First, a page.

United States District Court, D. Colorado
E. Blackburn Judge
ORDER OF REMAND
E. BLACKBURN UNITED STATES DISTRICT JUDGE
matter is before me on the Plaintiff39;s Motion for
Remand [#12] filed April 9, 2018');">18. The defendant filed a
response [#18');">18], and the plaintiff filed a reply [#23]. I
grant the motion.
I have subject matter jurisdiction under 28 U.S.C. §
1332 (diversity of citizenship).
STANDARD OF REVIEW
28 U.S.C. § 14');">44');">41(a), an action filed in state court may
be removed to federal district court if the action is one
over which the district court would have had original
jurisdiction. Title 28 U.S.C. § 14');">44');">47 provides for
post-removal procedures, including procedures applicable to a
motion for remand to state court. When the basis of removal
allegedly is diversity of citizenship, the parties must be
completely diverse and the amount in controversy must exceed
$75');">5, 000, exclusive of interest, costs, and attorney39;s
fees. See 28 U.S.C. § 1332. The party invoking
diversity jurisdiction bears the burden of proving the
existence of compete diversity by the preponderance of the
evidence. See Middleton v . Stephenson, 74');">49 F.3d
1197, 1200 (10th Cir. 2014');">4). Complete diversity means each
plaintiff must be diverse from each defendant.
Newman-Green, Inc. v. Alfonzo - Larrain, 4');">490 U.S.
826, 829 & n. 1(1989).
issues concerning remand in this case implicate the
interpretation of the interrelated provisions of three
contracts between the parties. For the reasons discussed
below, I find and conclude that New Jersey law is applicable.
Under New Jersey law, the interpretation of the terms of a
contract is “decided by the court as a matter of law
unless the meaning is both unclear and dependent on
conflicting testimony.” Bosshard v. Hackensack
Univ. Med. Ctr., 34');">45');">5 N.J.Super. 78');">34');">45');">5 N.J.Super. 78, 92 (App.Div. 2001).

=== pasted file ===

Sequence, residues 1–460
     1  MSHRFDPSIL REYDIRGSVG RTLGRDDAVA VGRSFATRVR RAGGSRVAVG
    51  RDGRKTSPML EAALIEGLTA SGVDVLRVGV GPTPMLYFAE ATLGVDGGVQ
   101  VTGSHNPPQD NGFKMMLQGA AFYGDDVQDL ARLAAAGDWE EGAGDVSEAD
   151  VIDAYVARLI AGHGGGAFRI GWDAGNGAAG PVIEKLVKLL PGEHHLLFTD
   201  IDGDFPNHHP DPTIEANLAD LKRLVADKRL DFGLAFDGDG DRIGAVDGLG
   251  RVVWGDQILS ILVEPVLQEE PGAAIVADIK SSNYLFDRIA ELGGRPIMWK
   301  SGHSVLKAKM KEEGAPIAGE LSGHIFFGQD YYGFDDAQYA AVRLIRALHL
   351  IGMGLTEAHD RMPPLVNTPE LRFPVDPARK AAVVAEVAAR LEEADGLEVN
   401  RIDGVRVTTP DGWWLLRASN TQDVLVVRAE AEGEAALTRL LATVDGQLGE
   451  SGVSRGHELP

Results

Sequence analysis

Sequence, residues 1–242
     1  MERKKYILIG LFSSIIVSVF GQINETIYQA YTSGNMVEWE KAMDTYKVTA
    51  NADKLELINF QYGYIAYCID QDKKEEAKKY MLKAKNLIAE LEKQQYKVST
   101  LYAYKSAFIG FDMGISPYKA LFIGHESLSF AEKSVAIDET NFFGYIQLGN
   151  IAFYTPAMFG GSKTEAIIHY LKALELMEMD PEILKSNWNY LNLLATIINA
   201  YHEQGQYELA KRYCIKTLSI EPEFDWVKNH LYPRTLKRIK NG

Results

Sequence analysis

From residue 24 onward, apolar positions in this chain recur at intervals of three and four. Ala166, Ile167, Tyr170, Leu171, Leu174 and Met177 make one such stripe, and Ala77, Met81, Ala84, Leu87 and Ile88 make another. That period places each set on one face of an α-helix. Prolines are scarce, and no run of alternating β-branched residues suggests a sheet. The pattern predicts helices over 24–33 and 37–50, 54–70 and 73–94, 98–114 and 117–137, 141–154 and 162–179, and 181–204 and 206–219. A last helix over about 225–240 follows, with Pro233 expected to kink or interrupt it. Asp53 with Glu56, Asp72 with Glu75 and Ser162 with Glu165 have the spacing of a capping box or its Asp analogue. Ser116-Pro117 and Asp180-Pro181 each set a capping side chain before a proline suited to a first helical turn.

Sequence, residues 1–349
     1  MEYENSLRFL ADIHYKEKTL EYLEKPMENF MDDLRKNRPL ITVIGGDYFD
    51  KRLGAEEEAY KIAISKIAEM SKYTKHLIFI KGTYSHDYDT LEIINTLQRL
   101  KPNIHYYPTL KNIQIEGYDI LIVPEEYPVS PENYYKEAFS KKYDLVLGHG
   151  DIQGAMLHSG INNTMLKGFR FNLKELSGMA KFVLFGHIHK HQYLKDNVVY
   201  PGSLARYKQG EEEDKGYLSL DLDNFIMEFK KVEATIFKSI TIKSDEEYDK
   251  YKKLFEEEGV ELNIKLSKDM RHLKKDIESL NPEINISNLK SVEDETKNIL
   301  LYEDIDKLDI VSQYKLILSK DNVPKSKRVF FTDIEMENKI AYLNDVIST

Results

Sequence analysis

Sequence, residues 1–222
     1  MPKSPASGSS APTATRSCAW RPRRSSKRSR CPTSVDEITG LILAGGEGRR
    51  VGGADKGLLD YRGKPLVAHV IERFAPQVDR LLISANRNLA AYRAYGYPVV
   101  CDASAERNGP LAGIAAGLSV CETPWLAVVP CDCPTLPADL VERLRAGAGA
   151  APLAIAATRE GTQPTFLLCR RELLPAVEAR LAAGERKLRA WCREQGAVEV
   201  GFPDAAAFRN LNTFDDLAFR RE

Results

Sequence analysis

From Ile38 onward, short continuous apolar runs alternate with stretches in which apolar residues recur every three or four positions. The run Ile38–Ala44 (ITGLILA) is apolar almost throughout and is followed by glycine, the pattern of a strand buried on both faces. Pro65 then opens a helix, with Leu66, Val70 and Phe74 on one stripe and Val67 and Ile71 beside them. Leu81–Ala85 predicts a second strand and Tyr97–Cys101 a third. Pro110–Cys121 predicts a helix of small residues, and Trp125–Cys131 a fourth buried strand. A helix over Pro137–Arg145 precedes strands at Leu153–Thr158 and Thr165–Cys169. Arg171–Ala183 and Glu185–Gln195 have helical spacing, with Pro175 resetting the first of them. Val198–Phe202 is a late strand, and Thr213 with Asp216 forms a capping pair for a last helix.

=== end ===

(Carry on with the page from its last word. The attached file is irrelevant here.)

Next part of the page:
The contract must be interpreted as a whole and the
“terms of the contract must be given their ‘plain
and ordinary meaning.39;“ Nester v.
O39;Donnell, 301 N.J.Super. 198');">301 N.J.Super. 198, 210 (App.Div. 1997).
The court should interpret contract terms “to avoid
ambiguities, if the plain language of the contract
permits.” Stiefel v. Bayly, Martin and Fay of
Conn., Inc., 4');">42 N.J.Super. 64');">43');">24');">42 N.J.Super. 64');">43, 65');">51 (App.Div.1990).
2017, the plaintiff, BluSky Restoration Contractors, LLC,
contracted with Weyerhaeuser to perform remediation work on
917 homes in nine states. As part of this work, BluSky
entered into a series of agreements with the defendant,
Whitman-Greenhill, LLC (WG), for management and labor on some
of these homes. According to BluSky, WG provided construction
management services related to 376 homes in eight states. In
addition, WG provided labor on a subset of those homes.
suit, BluSky seeks to resolve a dispute about the amount of
payments due to WG from BluSky. BluSky filed its Complaint
[#4');">4] in the District Court for the Eighteenth Judicial
District of the State of Colorado, also known as the District
Court, Arapahoe County, Colorado. WG removed the case to this
court, asserting that this federal district court has
diversity jurisdiction over the case. BluSky does not dispute
that the prerequisites for diversity jurisdiction are
present. However, in its motion to remand [#12], BluSky
contends this case must be remanded to the state district
court because a forum selection clause in a contract between
the parties requires the parties to resolve this dispute in
the District Court, Arapahoe County, Colorado.
and WG entered into three separate but related contracts
concerning the work performed by WG for BluSky:
(1) Contract #1 - August 23, 2017 - This contract, the
Consulting Services Agreement [#12-3], contains a New Jersey
choice of law clause and a New Jersey forum selection clause;
(2) Contract #2 - August 25');">5, 2017 - This contract, the
Subcontract Agreement [#12-4');">4], contains a Colorado choice of
law clause and a ...